The Wall Street Journal recently published an article based on research by the Employee Benefit Research Institute.
For about one-third of working-age households (those between ages 30 and 59 in 2007), working until age 70 won’t enough to provide adequate income in retirement.
Other studies disagree: the Boston College Center for Retirement Research said that:
… by age 66 “about 55% of households are projected to be prepared for retirement” and that by 70, 86% are. They also found that at age 70, “low-income households … are nearly as prepared for retirement as their high-income counterparts (82% vs. 88%).”
When and how you retire depends on the decisions you make while you’re working. “Retirement” is actually a fairly modern concept. For most of human history people worked until they couldn’t work any longer and then were supported by their children. It’s one of the reasons to have large families: they were the parents’ old age plans.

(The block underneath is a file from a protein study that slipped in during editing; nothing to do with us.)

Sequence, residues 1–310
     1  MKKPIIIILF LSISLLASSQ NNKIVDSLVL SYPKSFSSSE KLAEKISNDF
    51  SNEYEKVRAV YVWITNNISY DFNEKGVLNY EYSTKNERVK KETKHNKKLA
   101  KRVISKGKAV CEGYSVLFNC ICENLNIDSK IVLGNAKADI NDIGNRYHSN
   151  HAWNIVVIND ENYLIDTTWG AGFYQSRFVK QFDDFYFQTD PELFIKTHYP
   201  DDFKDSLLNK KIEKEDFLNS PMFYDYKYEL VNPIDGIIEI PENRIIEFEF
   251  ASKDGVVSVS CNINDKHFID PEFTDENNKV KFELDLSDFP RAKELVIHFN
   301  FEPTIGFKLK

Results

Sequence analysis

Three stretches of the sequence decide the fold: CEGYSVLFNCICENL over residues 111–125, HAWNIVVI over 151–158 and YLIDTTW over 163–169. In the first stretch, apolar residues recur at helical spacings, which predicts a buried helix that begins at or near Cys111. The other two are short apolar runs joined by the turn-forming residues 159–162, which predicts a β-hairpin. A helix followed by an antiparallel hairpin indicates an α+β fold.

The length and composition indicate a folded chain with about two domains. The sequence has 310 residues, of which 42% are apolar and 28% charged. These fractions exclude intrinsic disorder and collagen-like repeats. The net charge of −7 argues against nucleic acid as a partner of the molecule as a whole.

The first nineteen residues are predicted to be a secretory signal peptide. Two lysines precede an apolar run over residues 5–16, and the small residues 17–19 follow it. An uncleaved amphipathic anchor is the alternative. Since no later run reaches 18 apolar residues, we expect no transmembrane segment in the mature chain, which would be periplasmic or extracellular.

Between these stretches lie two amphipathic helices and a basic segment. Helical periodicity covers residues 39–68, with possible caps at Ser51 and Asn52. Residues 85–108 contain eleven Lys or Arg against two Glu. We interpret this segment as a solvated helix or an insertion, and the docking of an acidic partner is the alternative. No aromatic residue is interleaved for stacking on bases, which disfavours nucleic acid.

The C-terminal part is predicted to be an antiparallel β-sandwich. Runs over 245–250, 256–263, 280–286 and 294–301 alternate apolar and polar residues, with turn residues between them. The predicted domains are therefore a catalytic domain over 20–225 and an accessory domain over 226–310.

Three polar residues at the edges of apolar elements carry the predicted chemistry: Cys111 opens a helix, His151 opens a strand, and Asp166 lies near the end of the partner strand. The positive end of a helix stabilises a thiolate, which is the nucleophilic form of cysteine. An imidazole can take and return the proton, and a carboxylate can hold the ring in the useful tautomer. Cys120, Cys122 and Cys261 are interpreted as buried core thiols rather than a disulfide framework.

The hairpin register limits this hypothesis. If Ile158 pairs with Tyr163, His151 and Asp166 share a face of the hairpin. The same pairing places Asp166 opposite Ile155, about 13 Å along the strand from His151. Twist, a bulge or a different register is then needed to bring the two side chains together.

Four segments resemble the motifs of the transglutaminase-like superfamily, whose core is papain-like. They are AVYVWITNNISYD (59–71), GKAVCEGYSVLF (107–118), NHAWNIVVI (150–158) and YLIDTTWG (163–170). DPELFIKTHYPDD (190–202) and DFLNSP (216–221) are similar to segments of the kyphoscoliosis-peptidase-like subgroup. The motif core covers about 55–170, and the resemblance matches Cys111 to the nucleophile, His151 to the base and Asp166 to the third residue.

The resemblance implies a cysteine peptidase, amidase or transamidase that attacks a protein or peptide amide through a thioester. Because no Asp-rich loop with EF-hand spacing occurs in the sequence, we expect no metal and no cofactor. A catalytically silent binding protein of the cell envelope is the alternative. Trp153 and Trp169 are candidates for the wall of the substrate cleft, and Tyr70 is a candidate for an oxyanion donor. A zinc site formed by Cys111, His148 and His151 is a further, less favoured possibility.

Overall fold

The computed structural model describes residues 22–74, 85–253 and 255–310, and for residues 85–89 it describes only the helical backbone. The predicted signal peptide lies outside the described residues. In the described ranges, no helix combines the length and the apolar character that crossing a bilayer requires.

During much of the 20th Century many men worked in jobs that involved hard physical labor. As we became more of a service economy, it became physically possible for people to work until later in life and many choose to work after the traditional retirement age because they want to.
The important thing to remember is that if you get financially ready for retirement, you have a choice. That’s why it’s important to prepare, so that to retire or to keep working is your decision.